August 6, By Jackie Strawbridge
Assembly Member Aravella Simotas has requested that the Department of Transportation ban cars from the waterfront edge of Astoria Park.
Simotas, in a letter addressed Tuesday, charged that traffic on Shore Boulevard from Astoria Park South to Ditmars Boulevard poses both a danger and a nuisance to those who live and work nearby. She requested that the DOT close it off to vehicular traffic.
The request does not apply to emergency vehicles, according to her office.
“This half-mile portion of roadway provides no meaningful transportation purpose and contributes to a number of problems for our community,” Simotas wrote, citing speeding, reckless driving, drinking and drug use.
“Closing Shore Boulevard between Astoria Park South and Ditmars Boulevard to vehicles would have minimal effect on congestion in the area, would enhance access to the waterfront, and would undoubtedly make Astoria Park a safer and more enjoyable space,” she went on.
Per public records, this stretch of road has seen dozens of collisions and noise complaints for music and partying over the past several years.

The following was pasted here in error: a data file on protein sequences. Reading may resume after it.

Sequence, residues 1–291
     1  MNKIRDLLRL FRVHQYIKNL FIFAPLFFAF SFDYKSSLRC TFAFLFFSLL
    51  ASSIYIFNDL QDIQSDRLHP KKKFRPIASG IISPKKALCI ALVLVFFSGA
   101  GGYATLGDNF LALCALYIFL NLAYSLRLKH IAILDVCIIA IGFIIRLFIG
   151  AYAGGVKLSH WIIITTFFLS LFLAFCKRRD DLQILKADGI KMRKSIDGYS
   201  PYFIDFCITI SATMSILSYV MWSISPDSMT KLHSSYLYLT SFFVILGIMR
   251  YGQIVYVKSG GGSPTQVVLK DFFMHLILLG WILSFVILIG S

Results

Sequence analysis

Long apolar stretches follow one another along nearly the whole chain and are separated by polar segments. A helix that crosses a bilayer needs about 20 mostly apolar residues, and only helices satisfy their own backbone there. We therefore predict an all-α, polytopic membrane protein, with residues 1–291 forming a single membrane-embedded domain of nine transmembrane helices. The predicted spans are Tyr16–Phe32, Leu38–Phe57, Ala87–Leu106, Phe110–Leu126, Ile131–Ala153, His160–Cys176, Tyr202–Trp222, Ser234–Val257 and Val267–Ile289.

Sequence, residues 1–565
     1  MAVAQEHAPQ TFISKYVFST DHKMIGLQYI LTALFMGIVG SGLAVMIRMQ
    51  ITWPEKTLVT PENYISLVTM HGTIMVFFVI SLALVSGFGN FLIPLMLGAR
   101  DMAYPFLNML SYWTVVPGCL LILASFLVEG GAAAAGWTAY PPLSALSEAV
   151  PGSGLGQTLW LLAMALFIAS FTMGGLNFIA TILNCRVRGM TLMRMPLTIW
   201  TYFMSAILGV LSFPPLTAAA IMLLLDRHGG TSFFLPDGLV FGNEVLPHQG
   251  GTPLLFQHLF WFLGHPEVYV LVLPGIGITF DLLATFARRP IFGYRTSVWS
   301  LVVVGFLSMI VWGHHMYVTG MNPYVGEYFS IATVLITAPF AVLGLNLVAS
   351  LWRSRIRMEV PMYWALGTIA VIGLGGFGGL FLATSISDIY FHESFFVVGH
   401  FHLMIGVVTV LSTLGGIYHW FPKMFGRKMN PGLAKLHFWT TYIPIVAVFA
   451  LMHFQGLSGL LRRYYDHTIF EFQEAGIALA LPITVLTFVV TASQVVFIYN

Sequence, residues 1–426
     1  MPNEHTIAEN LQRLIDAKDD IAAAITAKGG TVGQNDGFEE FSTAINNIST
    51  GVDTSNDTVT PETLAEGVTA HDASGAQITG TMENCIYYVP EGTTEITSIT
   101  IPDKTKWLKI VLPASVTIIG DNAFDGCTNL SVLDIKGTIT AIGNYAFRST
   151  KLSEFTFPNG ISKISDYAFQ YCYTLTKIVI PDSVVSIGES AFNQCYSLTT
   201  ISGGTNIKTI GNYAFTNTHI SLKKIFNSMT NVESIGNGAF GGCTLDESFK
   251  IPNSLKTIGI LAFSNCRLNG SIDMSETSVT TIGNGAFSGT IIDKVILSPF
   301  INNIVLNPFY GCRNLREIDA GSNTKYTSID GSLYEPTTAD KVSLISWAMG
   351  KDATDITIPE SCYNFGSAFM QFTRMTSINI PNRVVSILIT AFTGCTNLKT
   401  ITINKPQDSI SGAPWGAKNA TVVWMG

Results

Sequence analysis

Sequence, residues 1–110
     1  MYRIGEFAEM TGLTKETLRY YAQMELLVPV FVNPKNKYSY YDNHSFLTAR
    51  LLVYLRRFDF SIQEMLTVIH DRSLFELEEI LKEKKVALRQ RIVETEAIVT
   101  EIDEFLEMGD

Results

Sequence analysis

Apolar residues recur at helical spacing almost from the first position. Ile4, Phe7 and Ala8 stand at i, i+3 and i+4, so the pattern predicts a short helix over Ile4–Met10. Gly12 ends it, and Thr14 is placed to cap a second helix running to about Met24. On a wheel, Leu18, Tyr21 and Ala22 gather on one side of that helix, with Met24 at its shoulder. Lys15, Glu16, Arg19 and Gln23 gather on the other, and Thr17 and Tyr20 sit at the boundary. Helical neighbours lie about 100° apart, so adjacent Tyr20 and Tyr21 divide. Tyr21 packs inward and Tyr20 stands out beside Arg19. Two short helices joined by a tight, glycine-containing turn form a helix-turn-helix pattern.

An overnight parking ban already exists on this stretch of road.
As of Thursday afternoon, the DOT had yet not seen Simotas’ letter, according to officials. However, a spokesperson said that it is an issue the agency looks forward to discussing further with community stakeholders.
The DOT did not immediately respond to follow up questions regarding the process of closing a street permanently to traffic, and which parties would be involved.
Simotas’ idea has the support of the Astoria Park Alliance, according to APA chairperson Martha Lopez-Gilpin.
“Astoria Park was created to give park users access to the waterfront. The closure of Shore Boulevard would extend Astoria Park all the way to the water, ensure pedestrian safety, increase programming potential and fulfill the vision upon which Astoria Park was founded,” Lopez-Gilpin said in a statement.
However, not everyone was convinced that the closure would have a positive impact.
The Old Astoria Neighborhood Association, which has mulled a slew of possible traffic changes around Astoria Park internally, is not yet taking a position on Simotas’ request, according to OANA President Richard Khuzami.
Randy Klein, who owns Whiskers Holistic Pet Care on Ditmars Boulevard near Astoria Park, called the idea “totally ridiculous.”
“It’s hard enough for businesses on that side of town to entice people to come down, and now you’re going to take off the waterside view, which is a big draw,” she said. “Now you’re going to make someone park blocks and blocks away, when there’s no parking for residents to begin with.”